12 English words in which we DO pronounce the final “E”

 

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Today you’re going to learn how to pronounce 12 special words ending in -E.

You probably know that when we have an English word ending in -E, the final -E is usually silent; we don’t pronounce it. Like in the words date, cheese, fine, spoke, and rude.

But there are a few exceptions, and that’s what we’ll work on in today’s lesson. Many of these words came into English from other languages and so they don’t follow the typical trend of a silent E at the end.

You can repeat each word after me, and then I’ll briefly explain what it means.

recipe

A recipe is a plan for making food – the recipe tells you the ingredients and the steps to follow in order to cook and prepare the dish.

apostrophe

This punctuation mark is called an apostrophe. In English we use it for short forms, like can’t, I’ve, and she’s, as well as for possessives like John’s and Sarah’s.

catastrophe

A catastrophe is a very big disaster – this can be an accident like an explosion at a power plant that kills a lot of people. It can also refer to a huge failure. If you implement a business plan but instead of resulting in growth, it causes the company to lose a ton of money, that would be a catastrophe.

acne

Acne refers to a skin problem when someone has pimples – those are small irritated bumps – typically on their face. Acne is usually caused by oily skin and by hormones, so it’s especially common among teenagers.

epitome

Epitome is a noun meaning a perfect example or a perfect representation of a particular quality or trait. Let’s say you have a roommate who just sits on the couch all day playing video games. He never takes initiative, he never helps around the house, and he never wants to do anything. You could say “My roommate is the epitome of laziness” – he’s the perfect example representing the quality of laziness.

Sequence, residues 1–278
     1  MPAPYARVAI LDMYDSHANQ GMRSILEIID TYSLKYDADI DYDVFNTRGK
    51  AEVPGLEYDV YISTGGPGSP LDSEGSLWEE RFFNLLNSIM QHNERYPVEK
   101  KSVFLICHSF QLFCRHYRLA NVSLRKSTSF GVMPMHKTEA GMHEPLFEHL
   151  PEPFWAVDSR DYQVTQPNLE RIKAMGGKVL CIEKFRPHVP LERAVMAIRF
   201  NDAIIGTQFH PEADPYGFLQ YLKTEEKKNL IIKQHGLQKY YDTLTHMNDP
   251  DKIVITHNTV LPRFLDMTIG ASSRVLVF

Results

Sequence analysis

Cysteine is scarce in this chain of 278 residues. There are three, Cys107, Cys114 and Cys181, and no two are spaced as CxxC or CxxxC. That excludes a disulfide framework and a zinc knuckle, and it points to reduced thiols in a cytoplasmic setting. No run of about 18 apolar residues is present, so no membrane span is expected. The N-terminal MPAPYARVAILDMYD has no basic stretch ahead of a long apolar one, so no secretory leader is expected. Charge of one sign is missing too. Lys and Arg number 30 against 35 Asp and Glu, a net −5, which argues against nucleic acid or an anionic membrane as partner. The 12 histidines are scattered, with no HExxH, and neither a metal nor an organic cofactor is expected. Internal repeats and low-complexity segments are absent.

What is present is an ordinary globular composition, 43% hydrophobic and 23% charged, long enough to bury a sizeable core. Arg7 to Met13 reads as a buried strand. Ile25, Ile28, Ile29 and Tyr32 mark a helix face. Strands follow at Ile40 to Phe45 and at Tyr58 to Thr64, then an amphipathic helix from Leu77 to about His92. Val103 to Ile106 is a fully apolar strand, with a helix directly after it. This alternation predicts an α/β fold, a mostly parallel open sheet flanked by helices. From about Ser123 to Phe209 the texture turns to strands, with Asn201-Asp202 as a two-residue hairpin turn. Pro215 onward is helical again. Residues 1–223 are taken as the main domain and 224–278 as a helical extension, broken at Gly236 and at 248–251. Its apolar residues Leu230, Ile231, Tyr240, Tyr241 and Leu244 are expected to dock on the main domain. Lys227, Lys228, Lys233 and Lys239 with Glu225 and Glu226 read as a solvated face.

karate

This is a Japanese martial art involving kicks and punches, and the English pronunciation of its name is karate.

sesame

Sesame is a plant that is best known for its small seeds, which are used in cooking. They look like this.

posse

Historically, the word posse was originally used for a group of people called together by the sheriff to help catch a criminal or maintain the peace. But nowadays it’s not used with that meaning anymore; instead it has become an informal slang word for any group of friends or associates.

vigilante

A vigilante is someone who is not actually part of the police or law enforcement, but on their own initiative they go after criminals and try to punish them. In some areas where there is not a strong police presence or a solid criminal justice system, it’s common to have vigilantes, regular people who take it upon themselves to administer the law and punish criminals.

Now in those 7 words we just practiced, the final -E sounded like EE: recipe, posse, sesame.

But in the next 3 words, the final -E sounds like “A.”

cliché

This word is from French, and in English we still write it with an accent on the final “e.” A cliché is an expression or idea that is used so frequently that it loses its power and becomes kind of superficial.

For example, the saying “Absence makes the heart grow fonder” – it means that when you’re away from someone for a long time, your love for them grows stronger. But the expression has been used so much that it now sounds shallow and not very meaningful.

fiancé / fiancée

Two more words that end in the “A” sound are fiancé and fiancée. These words refer to a person who we are engaged to marry. We have made a promise to marry this person. Fiancé with one e at the end is a man, and fiancée with two Es at the end is a woman.

résumé

A résumé is a list and brief description of your work and educational experience. When applying for a job, you would typically send a copy of your résumé to show the company your qualifications and your past jobs.

There you have it, 12 words where the final E is NOT silent.

Let’s practice them all one more time:

  • recipe
  • apostrophe
  • catastrophe
  • acne
  • epitome
  • karate
  • sesame
  • posse
  • vigilante
  • cliché
  • fiancé
  • résumé

I know that English pronunciation can be SO confusing with all these exceptions to the rules!

If you want to improve your pronunciation fast, come join my American English Pronunciation Course.

Inside it, we’ll do lots of practice so that you can master the sounds of the language and say them clearly. And when you can pronounce things clearly, you’ll be able to speak English more confidently.

Well, I hope you’ve enjoyed this lesson and learned something new! Thanks for watching and I’ll talk to you next week.

Speak English more clearly & confidently!

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